The neighborhood is known for its charm, for a family-friendly vibe, for leafy streets, and century-old houses adorned with elaborate terra-cotta and brickwork. Summers, it's a green and flowery refuge from the city, with gardens that spill onto the sidewalks from the area-ways. Along the broad avenues, there's a relaxed cafe society: shops, restaurants, coffee houses.
From that description, you could be in almost any part of Brownstone Brooklyn: Cobble Hill, Brooklyn Heights, Fort Greene, Boerum Hill. But we're talking about the Slope here, the area bounded by Flatbush Avenue, Prospect Park West, and Fourth Avenue, a place that has seen its ups and downs through the generations and slowly found its way back to its roots.
This was probably the grandest of the borough's neighborhoods when it was first developed in the 1880s and '90s. Unlike Brooklyn Heights, which had flourished before the Civil War as a neighborhood of prosperous business types who had settled their own small city, quite independent of Manhattan, Park Slope was very much a creation of Greater New York, developed in the wake of the great bridge that linked the two boroughs.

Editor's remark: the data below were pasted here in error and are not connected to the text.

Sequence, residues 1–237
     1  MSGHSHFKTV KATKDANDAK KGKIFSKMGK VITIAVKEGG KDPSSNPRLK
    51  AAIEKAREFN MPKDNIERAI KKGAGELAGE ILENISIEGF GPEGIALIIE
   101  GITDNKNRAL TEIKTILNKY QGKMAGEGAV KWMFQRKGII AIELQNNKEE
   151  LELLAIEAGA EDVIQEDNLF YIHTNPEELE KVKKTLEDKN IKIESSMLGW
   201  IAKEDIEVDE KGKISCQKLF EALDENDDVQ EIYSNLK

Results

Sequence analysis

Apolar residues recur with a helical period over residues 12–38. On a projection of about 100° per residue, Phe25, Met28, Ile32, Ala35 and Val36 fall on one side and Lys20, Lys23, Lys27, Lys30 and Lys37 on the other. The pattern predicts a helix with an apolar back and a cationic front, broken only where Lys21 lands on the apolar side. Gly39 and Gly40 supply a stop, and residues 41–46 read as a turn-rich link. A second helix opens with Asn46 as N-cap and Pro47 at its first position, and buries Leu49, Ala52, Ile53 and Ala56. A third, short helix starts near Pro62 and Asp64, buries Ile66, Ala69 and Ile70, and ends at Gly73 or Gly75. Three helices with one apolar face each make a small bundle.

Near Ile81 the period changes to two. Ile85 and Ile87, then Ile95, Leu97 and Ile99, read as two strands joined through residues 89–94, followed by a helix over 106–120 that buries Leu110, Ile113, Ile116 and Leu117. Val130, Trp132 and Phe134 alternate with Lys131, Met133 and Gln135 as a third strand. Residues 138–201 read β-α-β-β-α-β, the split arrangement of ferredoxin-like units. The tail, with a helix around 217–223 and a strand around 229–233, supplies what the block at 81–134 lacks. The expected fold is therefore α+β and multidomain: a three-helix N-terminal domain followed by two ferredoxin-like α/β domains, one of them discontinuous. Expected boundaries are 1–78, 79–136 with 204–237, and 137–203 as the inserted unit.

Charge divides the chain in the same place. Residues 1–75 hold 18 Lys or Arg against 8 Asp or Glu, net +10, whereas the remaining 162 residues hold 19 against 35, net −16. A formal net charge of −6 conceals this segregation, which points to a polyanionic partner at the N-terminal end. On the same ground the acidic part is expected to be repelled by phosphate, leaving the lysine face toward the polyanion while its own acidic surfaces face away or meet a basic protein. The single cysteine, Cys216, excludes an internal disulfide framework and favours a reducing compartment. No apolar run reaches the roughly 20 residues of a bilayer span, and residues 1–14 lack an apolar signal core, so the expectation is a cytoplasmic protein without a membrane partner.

Setting a pattern that would hold true a hundred years later, the neighborhood attracted wealth -- although never on the scale, say, of the Rockefellers or the Astors. Instead, the mansions that line Prospect Park West today were built for the likes of Charles Pratt (founder of the Pratt Institute) and railroad developer Edwin C. Litchfield. That was the Gold Coast, meant to compete with Fifth Avenue; it never really did, and today, the neighborhood is more often likened to the Upper West Side.
"Eightth Avenue is like Central Park West, with $2 million apartments," says real estate salesman Robert Fry. Fry, who moved into the area in 1996, a refugee from Manhattan, has found the neighborhood a terrific place to live. "It's more relaxed here than Manhattan," he says. "But it still has the pulse -- still has the vibe. It's as sophisticated as Manhattan, and I find I go less often to Manhattan -- there are more restaurants here now. And the park is my backyard."